Why do current transducers go digital?

LEM pioneers current sensing and develops digital output transducers with a sigma-delta bit stream interface (Subtitle)

By: Pascal Maeder (Global Product Manager, Drives/Welding)

Sources: David Jobling (ASIC Development Group Manager)
Stéphane Rollier (Product & Marcom Manager)
Mathieu Béguin (Marketing Engineer)


Why do current transducers go digital?

A couple of years ago, LEM’s Sales & Marketing observed the first signs of a technological turnaround: some of the leading OEMs (Original Equipment Manufacturers) in the servo-drives and robot industry were thinking of abandoning analog interfaces on their systems.

This change was driven by the evolution of controllers: the “brains of the machines”. The controllers function fully digitally internally and generally only had A/D’s (analog-to-digital converters) on their interfaces. This is no longer the case today; the A/D’s are disappearing in new controllers and customers are now asking for current transducers with a digital output so that they can easily connect to their new micro-controllers. Another advantage of a digital interface is that it is less sensitive to electro-magnetic interference.

Defining and developing products based on a new technology is complex and long: you cannot afford to get it wrong. After a comprehensive market survey conducted in 2013 by LEM’s marketing & product management teams, the R&D department started developing a Hall-based open-loop ASIC. The analog to digital (A/D) conversion is performed by an on-board sigma-delta modulator, giving a 1-bit serial bit stream output, with a sigma-delta modulator at the output.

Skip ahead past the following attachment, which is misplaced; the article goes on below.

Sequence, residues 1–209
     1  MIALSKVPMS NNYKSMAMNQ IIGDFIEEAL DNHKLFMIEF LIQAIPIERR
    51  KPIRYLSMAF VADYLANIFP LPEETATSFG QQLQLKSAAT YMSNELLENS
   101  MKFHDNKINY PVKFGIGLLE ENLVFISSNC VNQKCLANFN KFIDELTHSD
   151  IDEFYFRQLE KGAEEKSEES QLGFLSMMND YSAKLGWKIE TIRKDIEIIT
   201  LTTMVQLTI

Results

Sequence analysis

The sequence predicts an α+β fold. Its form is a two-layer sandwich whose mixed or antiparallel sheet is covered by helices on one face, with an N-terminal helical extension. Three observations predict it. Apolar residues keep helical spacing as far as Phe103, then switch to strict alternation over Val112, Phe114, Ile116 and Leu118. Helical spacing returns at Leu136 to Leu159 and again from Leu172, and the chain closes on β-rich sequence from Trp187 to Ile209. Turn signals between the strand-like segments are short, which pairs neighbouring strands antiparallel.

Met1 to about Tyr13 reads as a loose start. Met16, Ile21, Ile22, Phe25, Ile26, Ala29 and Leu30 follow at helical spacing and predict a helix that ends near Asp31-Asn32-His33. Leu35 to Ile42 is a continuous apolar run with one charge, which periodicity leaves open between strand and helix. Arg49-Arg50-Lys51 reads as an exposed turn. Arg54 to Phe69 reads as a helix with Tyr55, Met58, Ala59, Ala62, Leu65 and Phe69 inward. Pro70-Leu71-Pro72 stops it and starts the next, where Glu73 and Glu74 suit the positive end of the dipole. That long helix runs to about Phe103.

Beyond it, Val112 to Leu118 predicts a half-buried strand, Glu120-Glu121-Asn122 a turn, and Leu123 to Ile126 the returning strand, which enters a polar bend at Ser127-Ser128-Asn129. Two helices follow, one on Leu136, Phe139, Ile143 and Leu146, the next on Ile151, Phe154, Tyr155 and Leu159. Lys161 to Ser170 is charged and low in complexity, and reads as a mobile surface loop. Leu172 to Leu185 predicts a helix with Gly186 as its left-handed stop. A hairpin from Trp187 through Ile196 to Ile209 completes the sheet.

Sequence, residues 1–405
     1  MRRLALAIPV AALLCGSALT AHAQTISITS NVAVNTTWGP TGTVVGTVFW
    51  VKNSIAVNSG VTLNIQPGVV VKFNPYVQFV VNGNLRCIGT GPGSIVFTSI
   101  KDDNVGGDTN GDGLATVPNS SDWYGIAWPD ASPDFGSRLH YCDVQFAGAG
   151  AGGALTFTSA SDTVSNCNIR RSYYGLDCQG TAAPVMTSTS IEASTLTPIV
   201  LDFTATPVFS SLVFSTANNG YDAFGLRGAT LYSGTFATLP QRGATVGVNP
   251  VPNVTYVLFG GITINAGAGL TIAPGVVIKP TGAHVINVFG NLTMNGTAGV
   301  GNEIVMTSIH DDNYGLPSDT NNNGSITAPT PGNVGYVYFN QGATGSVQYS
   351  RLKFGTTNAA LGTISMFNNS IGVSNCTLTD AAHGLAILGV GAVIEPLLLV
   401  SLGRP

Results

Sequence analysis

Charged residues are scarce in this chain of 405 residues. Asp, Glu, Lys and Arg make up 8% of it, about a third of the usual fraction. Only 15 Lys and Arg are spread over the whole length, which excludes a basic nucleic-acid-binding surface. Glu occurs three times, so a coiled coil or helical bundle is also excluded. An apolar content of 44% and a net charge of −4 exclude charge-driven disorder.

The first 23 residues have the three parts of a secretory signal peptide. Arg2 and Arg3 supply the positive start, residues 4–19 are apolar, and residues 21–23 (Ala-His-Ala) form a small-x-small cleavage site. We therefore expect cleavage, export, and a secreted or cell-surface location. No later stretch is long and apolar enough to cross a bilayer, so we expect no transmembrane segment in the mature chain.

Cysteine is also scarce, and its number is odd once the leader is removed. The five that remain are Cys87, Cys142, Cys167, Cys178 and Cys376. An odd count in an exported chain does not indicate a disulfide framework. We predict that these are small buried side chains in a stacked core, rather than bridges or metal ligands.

The first prototype transducers were delivered to “alpha customers” at the end of 2015. The initial feedback was positive and LEM presented these future products at the PCIM tradeshow 2016 in Nuremberg, where more users showed interest in using this new technology.


The products

LEM proposed a range of digital output versions of the successful HO and HLSR open-loop Hall effect current transducers. These new components are for nominal current measurements of 10, 32, 50, 80, 100, 120, 150, 200, 250 ARMS in 3 different mechanical designs (PCB and panel mounting) and provide up to 12 bit resolution with 20 kHz bandwidth. The single-bit output minimizes the connections required, enabling highly compact transducers, and the digital output allows the user to choose the filter used on the bitstream to optimize between resolution and response time, according to the application. Digital outputs are also intrinsically immune to noise in hostile environments.






Fig.1: HLSR 50-PW, the digital version of LEM’s successful HLSR 50-P transducer (analog output).


The digital interface

The transducer output is a bit stream where the density of 1’s depends on the current measured, as illustrated in figure 2.



Fig.2: The digital conversion with a ∑Δ Modulator.


The detail of the transfer function is shown in figure 3. This shows the average density of 1’s on a scale from 0 to 1, and the same output if it is filtered and represented as a 16-bit word on a scale from 0 to 65’535 (decimal). See the next section for more on filtering options. Figure 3 also shows the equivalent output from an analog sensor. As with the analog sensor the performance of the new sensor is over the range +/-IPM, corresponding to an average density of 1’s from 0.1 to 0.9.



Figure 3: Transfer function.


The digital filter is implemented by the user, see figure 4. The advantage is that the number of connections to the transducer is minimized; each user can decide the filter(s) best suited to the application and the output format can be selected to match the system requirements.



Figure 4: LEM provides a bit stream output.


Performances and filter choices